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This morning, I took a package of dried navy beans out – used half of it by boiling it and letting it soak for an hour. The other half will be used to make New England baked beans on Monday, Memorial Day, to go with a cookout of hot dogs and hamburgers.

To make the soup, I sauteed together two cloves of garlic, a shallot and a Vidalia onion  – all chopped into small pieces. Added two carrots cut in quarter slice and some celery hearts. To the vegetable roux, I added the drained beans, water to cover and some Knorr chicken broth in gel form. The soup simmered for a couple of hours and after it cooled, I used an immersion blender to puree it. After tasting it, I added a little salt and a half gelatin of chicken broth with about a cup of water since the soup was very thick.  Simmered it for another half hour and added a half cup of whole milk.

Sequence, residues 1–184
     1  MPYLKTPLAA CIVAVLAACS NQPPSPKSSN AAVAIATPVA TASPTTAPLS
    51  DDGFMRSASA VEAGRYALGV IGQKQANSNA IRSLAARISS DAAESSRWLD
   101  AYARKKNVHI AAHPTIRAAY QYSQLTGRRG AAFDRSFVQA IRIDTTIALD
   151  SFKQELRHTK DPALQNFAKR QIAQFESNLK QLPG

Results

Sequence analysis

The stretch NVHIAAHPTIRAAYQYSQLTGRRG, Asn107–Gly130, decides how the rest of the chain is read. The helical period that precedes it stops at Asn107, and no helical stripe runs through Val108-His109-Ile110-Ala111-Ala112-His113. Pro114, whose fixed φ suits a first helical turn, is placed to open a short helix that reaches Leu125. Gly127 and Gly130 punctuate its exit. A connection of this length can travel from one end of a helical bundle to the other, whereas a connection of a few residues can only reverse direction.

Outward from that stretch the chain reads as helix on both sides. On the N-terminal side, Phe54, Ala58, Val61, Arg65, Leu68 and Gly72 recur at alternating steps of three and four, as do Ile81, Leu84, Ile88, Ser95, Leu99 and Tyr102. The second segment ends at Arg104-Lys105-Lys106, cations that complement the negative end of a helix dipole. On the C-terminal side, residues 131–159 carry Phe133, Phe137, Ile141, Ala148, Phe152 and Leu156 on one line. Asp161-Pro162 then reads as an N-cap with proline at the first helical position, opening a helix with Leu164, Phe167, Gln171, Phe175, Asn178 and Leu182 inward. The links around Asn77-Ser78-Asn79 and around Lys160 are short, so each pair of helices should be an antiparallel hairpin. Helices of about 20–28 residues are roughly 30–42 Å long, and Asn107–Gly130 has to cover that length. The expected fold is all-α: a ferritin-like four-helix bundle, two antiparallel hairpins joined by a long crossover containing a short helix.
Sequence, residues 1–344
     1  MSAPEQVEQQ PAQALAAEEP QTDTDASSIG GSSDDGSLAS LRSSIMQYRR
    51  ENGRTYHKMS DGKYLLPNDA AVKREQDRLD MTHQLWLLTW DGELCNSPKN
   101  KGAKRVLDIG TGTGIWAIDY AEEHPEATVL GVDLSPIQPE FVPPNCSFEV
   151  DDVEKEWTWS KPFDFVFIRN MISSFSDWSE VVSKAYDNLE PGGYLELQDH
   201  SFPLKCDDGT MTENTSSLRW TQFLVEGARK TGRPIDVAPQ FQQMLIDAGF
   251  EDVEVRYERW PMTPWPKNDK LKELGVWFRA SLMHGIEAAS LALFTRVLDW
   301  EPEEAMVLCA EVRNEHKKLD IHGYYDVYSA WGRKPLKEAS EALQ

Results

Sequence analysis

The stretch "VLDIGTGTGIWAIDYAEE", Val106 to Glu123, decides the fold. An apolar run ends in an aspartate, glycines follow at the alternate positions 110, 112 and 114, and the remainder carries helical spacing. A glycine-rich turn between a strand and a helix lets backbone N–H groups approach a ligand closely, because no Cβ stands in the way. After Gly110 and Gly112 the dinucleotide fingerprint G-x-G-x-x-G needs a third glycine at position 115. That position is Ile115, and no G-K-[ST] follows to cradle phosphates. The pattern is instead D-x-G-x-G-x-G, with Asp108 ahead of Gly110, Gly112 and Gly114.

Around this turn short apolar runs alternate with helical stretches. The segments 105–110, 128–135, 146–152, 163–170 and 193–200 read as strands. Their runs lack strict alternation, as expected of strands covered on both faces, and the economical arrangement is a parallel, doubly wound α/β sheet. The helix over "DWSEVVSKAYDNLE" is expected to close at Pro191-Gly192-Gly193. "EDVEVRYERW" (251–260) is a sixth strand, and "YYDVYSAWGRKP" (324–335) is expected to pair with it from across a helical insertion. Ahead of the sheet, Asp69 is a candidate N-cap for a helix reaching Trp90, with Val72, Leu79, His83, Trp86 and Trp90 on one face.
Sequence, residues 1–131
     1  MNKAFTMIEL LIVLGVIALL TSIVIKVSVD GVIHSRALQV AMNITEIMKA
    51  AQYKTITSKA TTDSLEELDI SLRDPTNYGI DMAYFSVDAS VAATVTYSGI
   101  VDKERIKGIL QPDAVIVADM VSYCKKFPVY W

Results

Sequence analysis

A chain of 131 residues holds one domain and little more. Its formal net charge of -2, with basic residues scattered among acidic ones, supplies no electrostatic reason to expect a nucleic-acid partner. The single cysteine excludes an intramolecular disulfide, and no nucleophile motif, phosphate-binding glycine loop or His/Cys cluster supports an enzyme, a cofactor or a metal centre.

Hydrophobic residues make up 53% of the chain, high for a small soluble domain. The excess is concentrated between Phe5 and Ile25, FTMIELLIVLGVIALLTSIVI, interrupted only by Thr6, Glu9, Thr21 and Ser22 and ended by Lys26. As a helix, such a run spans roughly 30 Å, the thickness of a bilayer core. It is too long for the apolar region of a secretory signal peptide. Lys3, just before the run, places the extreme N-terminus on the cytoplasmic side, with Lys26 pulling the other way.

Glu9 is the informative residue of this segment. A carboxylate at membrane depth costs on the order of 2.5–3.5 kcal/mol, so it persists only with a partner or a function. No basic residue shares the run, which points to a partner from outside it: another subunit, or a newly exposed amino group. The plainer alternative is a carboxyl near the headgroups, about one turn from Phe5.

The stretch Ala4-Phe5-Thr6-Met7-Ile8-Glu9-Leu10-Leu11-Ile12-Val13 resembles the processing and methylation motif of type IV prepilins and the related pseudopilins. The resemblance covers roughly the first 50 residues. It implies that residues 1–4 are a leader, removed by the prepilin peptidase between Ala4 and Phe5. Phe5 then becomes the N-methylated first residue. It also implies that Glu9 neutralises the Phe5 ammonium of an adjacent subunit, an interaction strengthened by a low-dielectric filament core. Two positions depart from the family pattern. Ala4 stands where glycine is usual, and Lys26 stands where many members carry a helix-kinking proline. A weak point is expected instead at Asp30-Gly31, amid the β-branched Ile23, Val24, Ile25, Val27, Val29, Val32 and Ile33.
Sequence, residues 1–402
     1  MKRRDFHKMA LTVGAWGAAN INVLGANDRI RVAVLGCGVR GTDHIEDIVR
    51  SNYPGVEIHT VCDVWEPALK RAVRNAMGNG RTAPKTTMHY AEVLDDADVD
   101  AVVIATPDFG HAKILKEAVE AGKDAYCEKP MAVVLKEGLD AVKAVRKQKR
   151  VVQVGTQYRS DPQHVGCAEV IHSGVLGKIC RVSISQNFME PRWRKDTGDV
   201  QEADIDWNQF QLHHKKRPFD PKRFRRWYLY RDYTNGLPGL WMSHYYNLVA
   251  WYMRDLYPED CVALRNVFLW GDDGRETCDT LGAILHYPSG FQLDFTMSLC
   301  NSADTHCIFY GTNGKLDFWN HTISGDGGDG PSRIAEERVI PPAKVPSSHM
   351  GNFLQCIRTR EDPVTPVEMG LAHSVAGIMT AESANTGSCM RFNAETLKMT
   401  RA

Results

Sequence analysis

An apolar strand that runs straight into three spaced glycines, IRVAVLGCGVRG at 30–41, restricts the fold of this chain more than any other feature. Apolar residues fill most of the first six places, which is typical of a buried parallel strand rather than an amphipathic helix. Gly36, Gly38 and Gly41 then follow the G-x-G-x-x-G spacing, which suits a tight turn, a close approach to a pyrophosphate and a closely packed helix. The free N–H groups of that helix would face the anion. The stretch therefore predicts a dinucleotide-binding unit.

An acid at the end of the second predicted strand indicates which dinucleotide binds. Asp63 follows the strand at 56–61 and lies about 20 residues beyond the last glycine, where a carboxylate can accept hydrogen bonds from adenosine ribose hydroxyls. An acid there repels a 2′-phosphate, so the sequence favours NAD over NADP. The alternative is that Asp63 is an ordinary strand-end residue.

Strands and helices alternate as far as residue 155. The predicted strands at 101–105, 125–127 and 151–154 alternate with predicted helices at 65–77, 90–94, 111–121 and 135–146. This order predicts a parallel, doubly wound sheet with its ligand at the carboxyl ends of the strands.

Served the bean soup with a large salad of greens, avocado, Navel orange segments and honey walnuts with a ranch dressing with Gravenstein apple balsamic vinegar and olive oil. A half dozen large popovers rounded out the meal. Nice on a Saturday night!

 

 

homemade onion soup for lunch! . . .

IMG_1017On a lovely, Spring day, I made onion soup for lunch today. In a deep pot, melt a third of a stick of unsalted butter. Peel and thinly slice two medium Vidalia onions. Stir and saute the onions until soft. Add half a capsule of Knorr beef broth gelatin and add enough filtered water to cover onions. Simmer for a half an hour.

Take some ends of bread from a loaf in the fridge, or from homemade bread. Slice into four pieces, cover with Swiss cheese and grate some parmesan cheese on top. Heat the broiler and toast until golden brown.

In two soup bowls, ladle the hot onion soup and place the grilled cheese bread on top. Yum!

“Potager” asparagus bread pudding! . . .

IMG_1006This dish is in the oven for our supper tonight. It’s the first meal I ever made for G. when we started dating. Actually, we hadn’t started dating because it was a first date, sort of. Over twenty-eight years later, it is just as pleasing as it was then and it’s a joy to revisit it.